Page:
Any voters waiting in line at 7:00 p.m. will have the opportunity to cast a ballot. If you do not know where your polling place is, contact your county Supervisor of Elections. You can also find your precinct and polling place on your county Supervisor of Elections’ website or by using the Voter Information Lookup.

Q: Does Florida have Early Voting?  

 A: All 67 of Florida’s counties will be offering early voting from October 27 – November 3. In addition, each county Supervisor of Elections may, at his or her own discretion, offer additional days of early voting. Contact your county Supervisor of Elections for more information.

Early Voting –  How to cast a ballot at an early voting location before election day.

Q: Does Florida allow Vote By Mail? 

A: Florida does allow Vote-by-mail. For additional details go to: https://dos.myflorida.com/elections/for-voters/voting/vote-by-mail/

The deadline to ask for a ballot to be mailed is 5:00 p.m. on Wednesday, October 31. A voter may pick up a vote-by-mail ballot from the office of their Supervisor of Elections through the day before the election or, if an emergency exists, on the day of the election. Generally, vote-by-mail ballots must be received by the Supervisor of Elections’ office no later than 7:00 p.m. on Election Day in order to be canvassed and counted; vote-by-mail ballots from overseas voters shall be counted if they are received within 10 days of the General Election, provided they are postmarked no later than the day of the election. Contact your county Supervisor of Elections for more information.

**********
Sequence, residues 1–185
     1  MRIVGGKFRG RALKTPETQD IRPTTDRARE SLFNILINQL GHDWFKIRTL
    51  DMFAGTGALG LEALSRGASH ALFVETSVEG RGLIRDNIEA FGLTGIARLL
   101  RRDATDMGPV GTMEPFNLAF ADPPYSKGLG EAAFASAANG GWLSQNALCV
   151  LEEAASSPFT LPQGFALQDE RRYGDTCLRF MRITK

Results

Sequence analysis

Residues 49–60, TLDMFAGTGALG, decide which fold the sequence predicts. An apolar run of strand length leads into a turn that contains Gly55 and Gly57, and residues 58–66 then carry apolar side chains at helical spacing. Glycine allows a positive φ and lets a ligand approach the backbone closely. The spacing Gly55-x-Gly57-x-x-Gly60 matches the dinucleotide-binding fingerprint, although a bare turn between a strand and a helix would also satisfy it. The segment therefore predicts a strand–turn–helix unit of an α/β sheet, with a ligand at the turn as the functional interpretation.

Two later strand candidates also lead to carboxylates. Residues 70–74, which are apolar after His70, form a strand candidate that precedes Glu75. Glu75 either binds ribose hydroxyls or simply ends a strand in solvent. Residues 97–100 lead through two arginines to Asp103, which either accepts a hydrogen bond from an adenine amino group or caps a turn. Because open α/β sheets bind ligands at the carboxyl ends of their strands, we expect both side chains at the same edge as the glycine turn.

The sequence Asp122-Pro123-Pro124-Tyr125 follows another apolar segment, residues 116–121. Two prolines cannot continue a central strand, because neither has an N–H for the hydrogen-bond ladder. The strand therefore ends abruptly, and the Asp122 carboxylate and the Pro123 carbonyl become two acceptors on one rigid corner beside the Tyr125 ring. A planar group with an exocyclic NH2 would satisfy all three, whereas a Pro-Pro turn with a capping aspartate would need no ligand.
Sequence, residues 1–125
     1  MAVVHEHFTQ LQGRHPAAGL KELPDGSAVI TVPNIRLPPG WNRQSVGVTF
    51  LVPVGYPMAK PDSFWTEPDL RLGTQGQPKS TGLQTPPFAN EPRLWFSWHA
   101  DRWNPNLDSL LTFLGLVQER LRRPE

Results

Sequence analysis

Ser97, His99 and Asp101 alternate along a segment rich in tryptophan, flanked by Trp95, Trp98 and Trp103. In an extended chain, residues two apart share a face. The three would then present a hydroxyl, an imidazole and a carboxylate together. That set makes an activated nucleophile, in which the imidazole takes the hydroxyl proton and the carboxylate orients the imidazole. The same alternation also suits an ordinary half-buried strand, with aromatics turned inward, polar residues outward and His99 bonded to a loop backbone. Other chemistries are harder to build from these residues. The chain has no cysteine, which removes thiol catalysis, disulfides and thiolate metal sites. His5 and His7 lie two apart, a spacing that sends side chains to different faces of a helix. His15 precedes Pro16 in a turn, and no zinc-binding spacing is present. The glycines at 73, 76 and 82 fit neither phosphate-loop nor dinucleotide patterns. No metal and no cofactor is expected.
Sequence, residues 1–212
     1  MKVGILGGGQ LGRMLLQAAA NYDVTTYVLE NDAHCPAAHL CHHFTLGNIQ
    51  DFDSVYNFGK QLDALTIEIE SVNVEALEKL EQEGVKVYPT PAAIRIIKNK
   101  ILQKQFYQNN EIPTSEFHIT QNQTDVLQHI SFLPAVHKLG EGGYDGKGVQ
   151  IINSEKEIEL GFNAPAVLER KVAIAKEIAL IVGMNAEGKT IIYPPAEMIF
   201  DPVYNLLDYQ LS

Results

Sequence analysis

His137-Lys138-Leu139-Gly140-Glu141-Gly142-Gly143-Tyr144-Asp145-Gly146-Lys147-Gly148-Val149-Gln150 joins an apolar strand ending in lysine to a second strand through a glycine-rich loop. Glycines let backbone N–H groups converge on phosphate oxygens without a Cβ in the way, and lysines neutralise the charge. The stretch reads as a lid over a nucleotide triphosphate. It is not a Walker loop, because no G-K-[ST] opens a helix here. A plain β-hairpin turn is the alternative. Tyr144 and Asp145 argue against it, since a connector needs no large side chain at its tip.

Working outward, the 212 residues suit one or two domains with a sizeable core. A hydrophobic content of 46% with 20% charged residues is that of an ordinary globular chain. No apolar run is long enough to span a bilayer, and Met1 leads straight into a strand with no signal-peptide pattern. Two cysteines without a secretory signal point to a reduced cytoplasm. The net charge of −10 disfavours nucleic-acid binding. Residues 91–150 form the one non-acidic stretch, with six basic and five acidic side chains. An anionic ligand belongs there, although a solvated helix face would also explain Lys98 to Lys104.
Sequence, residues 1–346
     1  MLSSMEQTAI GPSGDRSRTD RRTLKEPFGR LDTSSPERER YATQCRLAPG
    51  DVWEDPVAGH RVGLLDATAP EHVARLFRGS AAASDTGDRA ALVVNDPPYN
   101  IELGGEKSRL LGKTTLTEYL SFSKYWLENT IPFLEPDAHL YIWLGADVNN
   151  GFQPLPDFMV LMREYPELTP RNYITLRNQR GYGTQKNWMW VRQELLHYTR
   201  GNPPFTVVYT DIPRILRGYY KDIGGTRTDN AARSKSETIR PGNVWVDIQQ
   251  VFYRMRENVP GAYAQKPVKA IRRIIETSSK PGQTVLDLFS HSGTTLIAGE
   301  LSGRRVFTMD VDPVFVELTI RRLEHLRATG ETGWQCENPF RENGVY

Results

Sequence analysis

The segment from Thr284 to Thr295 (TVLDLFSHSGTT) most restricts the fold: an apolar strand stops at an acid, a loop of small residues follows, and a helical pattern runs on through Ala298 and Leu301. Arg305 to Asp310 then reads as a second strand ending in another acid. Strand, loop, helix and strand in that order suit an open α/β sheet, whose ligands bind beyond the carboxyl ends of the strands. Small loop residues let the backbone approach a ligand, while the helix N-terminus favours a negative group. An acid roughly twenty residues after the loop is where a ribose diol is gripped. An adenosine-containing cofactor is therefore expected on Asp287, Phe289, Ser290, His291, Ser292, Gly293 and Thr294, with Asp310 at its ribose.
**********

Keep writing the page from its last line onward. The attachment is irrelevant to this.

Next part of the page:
If you request a Vote-by-Mail ballot, REMEMBER TO SIGN IT! Your signature must EXACTLY match the signature you used when your registered to vote.  

If you change your mind and decide NOT to mail your vote in, YOU MUST BRING THE VBM Ballot to the polling place on the day you go to vote. Otherwise, your vote may not be counted.

Q: I registered by mail. How do I know my registration went through?

A: You should receive a voter information card from your County Board of Supervisors within two weeks of registration. You can check your registration online at: Voter Information Lookup - Check your voter registration status and find your polling place.

Or you can contact your county Supervisor of Elections directly to check the status of your registration.

Q: How Can I Request A Sample Ballot in Florida? 

A: In the General Election, federal and state races will be on the ballot including the offices of U.S. Senator, U.S. Representative, Governor, Attorney General, Commissioner of Agriculture, Chief Financial Officer, State Senator and State Representative, judicial retention and proposed constitutional amendments and revisions. You can view a list of candidates that file with the Division of Elections by searching the Candidates and Races Database.  

There are 13 proposed constitutional amendments or revisions on the General Election ballot. Please see the Proposed Constitutional Amendment Booklet for details:

English – PDF 

Español – PDF 

For more specific information about what will be on your ballot, refer to your county Supervisor of Elections’ website or contact your county Supervisor of Elections to obtain a sample ballot in English or en Español.